Nannie Helen Burroughs School, Inc.  (n.d.) About Us. [Biography/History].  Retrieved from http://www.nhburroughs.org/id1.html.  





WARITH DEEN MUHAMMAD

b. October 30, 1933
d. September 9, 2009

LINK TO PHOTO

“The September 9, 2009 death of Imam Wartih Deen Muhammad, at the age of 74, is a loss not only to the African American Muslim Community, but Americans in general.  The Imam is recognized internationally for his scholarship, and the spiritual direction he gave to his specific community, The American Society of Muslims. He has been celebrated worldwide by numerous religious and political leaders.  As a Sunni (orthodox) Muslim, he headed the largest Muslim community in the United States of any ethnic or cultural persuasion.

Imam Muhammad is significant in the area of African American Muslim Liberation Theology, in part, because he established a new paradigm in African American Muslim Liberation Theology (AAMLT) hermeneutics. Specifically, he further explained and interpreted the teachings of the Honorable Elijah Muhammad, his father, in a way that offered acceptability and understanding to many Muslims wedded to more traditional concepts of Islamic beliefs and practices.  May Allah (swt) reward the Imam according to the best of his intentions and actions.”


Imam Dr. Muhammad Hatim is Imam Warith Deen Muhammad Chair of African American Muslim Studies at the Graduate Theological Foundation.  (Visit Dr. Hatim’s faculty profile here.)



Warith Deen Muhammad was born Wallace D. Muhammad and grew up in Chicago, Illinois.  His father, Elijah Muhammad, was leader of the Nation of Islam, a position that Muhammad took over following his father’s death.  As a young man, he refused the military draft and thus spent three years in prison, a time during which he studied the Qu’ran which led him to move toward Sunni Islam.  Following his taking over the leadership of the Nation in 1975, Muhammad introduced new teachings and activities such as the five pillars of Islam: faith, care, zakat (charity), the fast (during Ramadan), and pilgrimage to Mecca (the Hajj), and later changed his name.  He also changed the name of the Nation to the World Community of al-Islam in the West (later the American Society of Muslims) and adopted the title of “imam.”  Most members of the Nation continued to follow Muhammad during this transition.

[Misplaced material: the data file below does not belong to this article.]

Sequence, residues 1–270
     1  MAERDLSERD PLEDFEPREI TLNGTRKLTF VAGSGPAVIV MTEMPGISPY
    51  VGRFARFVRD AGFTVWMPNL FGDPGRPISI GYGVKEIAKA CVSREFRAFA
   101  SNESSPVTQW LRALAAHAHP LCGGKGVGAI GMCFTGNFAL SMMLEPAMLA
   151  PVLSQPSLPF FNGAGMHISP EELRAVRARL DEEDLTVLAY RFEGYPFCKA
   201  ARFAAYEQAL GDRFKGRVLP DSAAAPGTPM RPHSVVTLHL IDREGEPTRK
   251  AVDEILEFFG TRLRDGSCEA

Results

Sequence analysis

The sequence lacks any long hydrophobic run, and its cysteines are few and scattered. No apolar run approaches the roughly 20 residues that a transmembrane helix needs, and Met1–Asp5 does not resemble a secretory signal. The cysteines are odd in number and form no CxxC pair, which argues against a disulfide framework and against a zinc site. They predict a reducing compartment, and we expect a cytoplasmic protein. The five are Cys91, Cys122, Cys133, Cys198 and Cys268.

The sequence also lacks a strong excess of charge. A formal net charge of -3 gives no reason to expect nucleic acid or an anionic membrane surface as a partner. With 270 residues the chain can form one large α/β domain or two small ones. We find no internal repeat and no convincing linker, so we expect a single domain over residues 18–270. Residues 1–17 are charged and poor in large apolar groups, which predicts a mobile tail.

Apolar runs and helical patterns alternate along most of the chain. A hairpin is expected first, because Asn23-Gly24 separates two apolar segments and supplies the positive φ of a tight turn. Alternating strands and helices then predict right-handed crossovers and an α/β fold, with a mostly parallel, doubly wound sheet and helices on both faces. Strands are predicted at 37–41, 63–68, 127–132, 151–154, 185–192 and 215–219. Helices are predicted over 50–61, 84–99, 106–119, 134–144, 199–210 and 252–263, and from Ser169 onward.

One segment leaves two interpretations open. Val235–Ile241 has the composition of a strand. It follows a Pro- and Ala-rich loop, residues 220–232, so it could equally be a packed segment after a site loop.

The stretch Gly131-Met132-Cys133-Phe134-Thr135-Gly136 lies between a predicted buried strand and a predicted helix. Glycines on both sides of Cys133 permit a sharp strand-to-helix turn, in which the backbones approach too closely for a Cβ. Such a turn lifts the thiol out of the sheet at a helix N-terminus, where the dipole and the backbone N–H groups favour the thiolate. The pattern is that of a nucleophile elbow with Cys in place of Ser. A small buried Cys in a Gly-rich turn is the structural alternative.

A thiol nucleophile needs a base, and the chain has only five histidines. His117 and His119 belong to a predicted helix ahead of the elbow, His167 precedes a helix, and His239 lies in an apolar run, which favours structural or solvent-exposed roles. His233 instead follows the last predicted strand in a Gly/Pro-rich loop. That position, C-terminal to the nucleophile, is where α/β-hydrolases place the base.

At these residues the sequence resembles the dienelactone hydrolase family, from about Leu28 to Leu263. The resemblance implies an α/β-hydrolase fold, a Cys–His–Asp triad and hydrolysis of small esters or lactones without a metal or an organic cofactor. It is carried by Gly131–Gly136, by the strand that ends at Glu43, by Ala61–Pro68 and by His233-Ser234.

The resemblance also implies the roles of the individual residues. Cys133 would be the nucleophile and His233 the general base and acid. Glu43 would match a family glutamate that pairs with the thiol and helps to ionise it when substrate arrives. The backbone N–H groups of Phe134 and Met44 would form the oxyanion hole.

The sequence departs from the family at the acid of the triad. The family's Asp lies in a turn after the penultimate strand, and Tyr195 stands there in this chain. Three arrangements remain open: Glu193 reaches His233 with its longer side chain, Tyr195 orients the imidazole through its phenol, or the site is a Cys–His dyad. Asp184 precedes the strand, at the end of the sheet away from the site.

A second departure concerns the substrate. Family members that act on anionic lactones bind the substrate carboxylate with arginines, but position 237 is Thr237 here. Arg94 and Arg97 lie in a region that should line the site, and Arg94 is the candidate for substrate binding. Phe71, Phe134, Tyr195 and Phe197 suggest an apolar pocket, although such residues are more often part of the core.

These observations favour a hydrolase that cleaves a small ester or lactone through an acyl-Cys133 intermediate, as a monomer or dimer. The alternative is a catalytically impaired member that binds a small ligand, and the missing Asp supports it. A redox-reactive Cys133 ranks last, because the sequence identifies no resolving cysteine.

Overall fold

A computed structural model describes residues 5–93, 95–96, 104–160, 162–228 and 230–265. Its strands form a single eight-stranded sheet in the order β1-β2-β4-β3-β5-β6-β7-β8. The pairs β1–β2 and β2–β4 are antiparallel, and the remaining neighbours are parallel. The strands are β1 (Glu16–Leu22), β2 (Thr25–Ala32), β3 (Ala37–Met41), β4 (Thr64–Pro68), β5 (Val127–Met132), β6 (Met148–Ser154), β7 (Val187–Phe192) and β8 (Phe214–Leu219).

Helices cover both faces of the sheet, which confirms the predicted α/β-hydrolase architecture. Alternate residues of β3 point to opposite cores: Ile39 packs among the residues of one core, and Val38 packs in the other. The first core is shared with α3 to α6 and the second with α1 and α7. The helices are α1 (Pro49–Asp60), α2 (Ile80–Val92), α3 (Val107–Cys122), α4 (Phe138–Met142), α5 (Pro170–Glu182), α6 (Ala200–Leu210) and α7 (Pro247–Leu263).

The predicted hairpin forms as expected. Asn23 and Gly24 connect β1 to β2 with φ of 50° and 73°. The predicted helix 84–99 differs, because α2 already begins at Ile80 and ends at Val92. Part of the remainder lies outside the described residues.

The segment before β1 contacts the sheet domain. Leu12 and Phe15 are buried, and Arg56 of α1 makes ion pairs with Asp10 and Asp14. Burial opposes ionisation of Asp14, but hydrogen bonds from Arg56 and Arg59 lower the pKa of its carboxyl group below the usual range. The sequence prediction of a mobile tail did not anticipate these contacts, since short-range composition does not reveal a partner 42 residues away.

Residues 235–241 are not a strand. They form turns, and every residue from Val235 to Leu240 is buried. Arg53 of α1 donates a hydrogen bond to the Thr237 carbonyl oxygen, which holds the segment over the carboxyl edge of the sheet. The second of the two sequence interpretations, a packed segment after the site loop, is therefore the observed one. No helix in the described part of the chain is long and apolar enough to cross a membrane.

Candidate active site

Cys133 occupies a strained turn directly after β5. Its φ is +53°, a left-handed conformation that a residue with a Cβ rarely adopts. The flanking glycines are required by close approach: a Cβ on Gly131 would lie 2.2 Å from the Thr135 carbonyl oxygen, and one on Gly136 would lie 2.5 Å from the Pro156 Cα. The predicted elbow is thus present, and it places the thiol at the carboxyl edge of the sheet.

In 1992, Muhammad delivered the invocation for the United States Senate, the first Muslim to do so.  He also led prayers at the inaugural celebrations of President Bill Clinton.  His leadership position continued to grow and he spent many years being deeply involved in interfaith dialogue, meeting with groups around the world and twice with Pope John Paul II.  Muhammad worked with President Jimmy Carter on social issues in the African American community as well as with a number of other American and world leaders.  In 2002, he was inducted as a member of the Martin Luther King Jr. International Board of Preachers at Morehouse College in Atlanta, Georgia.

References

Martin, Douglas.  (September 9, 2008).  “W. Deen Mohammed, 74, Top U.S. Imam, Dies.”  New York Times.   Retrieved from http://www.nytimes.com/2008/09/10/us/10mohammed.html.

PBS.  (n.d.) This Far By Faith.  [Warith Deen  Mohammed].  Retrieved from http://www.pbs.org/thisfarbyfaith/people/warith_deen_mohammed.html.